Re-thinking Access: Teaching and Learning Digital Music Technologies

This project was a collaboration between myself (Fine Arts) and David Gerhard (Computer Science) and focused on developing pedagogical resources (curriculum, “how to” learning documents, workshops, etc.) for digital music technologies to be used by both teachers and learners in the IMP Labs, aRMADILo, and in Fine Arts and Computer Science courses. 


Working within the parameters of knowing that modern computing devices and more specifically digital music technologies, enable individuals to create art and artistic works, specifically sound art, in novel and exciting ways, we wanted to explore how learning to use digital music technologies is often done in “informal” learning environments and through “trial by error” methods. 


Through an analysis of the diverse learning needs and goals of a variety of individuals, from university students in the Faculty of Fine Arts and the Department of Computer Science to members of the electro-acoustic music community in Regina, with this research we sought to analyze and understand the following: 1. how artists learn to use modern computing devices and digital music technologies, especially those artists with little or no formal training in the areas of Design or Computer Science; 2. the significance of relationships between designers and users of these technologies; 3. the difference in usability needs among designers/ users; 4. the potential for application of the technologies based on designers/ users needs; and 5. how users with an interest in creating sound art, composing electronic music, or performing ‘live’ learn and adapt to the constantly evolving design of digital music technologies.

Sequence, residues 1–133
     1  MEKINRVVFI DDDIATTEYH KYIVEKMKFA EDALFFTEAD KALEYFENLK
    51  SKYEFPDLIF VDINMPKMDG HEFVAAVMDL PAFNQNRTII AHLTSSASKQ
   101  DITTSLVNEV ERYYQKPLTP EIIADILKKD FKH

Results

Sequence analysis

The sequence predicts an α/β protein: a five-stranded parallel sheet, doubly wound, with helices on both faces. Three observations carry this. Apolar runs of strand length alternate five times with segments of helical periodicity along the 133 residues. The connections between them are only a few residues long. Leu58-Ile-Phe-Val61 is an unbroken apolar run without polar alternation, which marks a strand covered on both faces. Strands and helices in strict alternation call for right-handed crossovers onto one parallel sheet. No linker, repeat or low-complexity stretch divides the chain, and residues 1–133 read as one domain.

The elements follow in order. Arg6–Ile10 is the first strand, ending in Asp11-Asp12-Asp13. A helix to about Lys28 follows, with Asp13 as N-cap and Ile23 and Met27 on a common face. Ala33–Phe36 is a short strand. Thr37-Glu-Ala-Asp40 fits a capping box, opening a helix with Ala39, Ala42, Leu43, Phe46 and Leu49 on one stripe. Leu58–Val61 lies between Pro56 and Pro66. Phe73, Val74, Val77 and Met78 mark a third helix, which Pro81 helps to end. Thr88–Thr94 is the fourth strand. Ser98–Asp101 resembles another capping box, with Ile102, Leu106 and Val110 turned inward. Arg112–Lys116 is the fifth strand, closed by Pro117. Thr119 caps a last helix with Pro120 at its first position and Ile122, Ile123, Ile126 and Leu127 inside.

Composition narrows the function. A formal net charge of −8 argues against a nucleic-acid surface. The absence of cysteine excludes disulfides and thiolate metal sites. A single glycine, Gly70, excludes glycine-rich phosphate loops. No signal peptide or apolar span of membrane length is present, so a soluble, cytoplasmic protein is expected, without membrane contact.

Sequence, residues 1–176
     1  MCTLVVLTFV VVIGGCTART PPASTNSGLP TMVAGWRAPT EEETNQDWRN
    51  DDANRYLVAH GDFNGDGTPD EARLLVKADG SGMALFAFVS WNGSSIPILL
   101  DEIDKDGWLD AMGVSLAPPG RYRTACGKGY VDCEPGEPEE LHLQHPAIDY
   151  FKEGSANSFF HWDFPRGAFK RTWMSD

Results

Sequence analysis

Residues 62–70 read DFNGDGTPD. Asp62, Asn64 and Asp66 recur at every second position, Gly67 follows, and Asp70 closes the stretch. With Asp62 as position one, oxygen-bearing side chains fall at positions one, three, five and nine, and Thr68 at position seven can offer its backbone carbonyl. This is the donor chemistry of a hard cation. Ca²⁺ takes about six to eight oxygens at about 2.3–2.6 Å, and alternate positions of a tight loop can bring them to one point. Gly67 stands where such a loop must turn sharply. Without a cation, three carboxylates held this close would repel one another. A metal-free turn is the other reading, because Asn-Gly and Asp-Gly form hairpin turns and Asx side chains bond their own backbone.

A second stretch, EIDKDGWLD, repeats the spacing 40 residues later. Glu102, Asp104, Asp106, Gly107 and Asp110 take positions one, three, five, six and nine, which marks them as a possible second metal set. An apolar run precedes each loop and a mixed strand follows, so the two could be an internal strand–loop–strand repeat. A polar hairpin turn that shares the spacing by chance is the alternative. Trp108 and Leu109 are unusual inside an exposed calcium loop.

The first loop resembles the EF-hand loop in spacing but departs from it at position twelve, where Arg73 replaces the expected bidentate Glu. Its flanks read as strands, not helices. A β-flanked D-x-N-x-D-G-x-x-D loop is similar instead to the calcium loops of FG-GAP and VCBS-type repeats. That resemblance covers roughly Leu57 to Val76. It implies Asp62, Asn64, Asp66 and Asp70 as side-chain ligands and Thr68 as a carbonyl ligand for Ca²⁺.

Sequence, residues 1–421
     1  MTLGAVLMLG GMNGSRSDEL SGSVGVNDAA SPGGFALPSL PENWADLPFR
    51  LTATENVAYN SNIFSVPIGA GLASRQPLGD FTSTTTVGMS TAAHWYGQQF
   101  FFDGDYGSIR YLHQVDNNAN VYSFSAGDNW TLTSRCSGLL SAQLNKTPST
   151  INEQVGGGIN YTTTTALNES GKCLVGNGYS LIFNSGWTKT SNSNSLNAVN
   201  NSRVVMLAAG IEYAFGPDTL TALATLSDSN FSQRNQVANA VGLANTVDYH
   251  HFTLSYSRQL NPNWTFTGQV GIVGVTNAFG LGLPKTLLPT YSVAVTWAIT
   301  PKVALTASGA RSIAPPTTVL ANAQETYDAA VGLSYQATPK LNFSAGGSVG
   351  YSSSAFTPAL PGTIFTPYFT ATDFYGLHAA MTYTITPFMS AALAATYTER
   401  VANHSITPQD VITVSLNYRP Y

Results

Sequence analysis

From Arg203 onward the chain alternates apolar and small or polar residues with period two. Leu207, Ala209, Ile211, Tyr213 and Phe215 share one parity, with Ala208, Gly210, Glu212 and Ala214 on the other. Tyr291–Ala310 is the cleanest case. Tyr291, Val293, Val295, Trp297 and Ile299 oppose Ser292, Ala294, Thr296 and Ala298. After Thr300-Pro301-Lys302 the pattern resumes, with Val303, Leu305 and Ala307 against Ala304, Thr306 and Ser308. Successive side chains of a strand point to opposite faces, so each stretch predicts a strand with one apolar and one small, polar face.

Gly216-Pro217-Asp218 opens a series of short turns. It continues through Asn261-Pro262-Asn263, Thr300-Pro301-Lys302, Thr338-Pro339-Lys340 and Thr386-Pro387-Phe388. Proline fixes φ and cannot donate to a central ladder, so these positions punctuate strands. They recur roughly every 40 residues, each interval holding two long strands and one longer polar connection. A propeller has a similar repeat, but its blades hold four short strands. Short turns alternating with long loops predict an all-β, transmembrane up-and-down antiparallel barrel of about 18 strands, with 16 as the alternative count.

As part of the process we held a number of sessions on digital music technologies (Ableton Live, Reason, Traktor Scratch, Garage Band, MaxMSP) with various groups of high school, undergraduate, and graduate students, as well as artists, and community members. From these sessions we began to assess user needs, learning patterns, learning challenges, and potential technological/ artistic applications.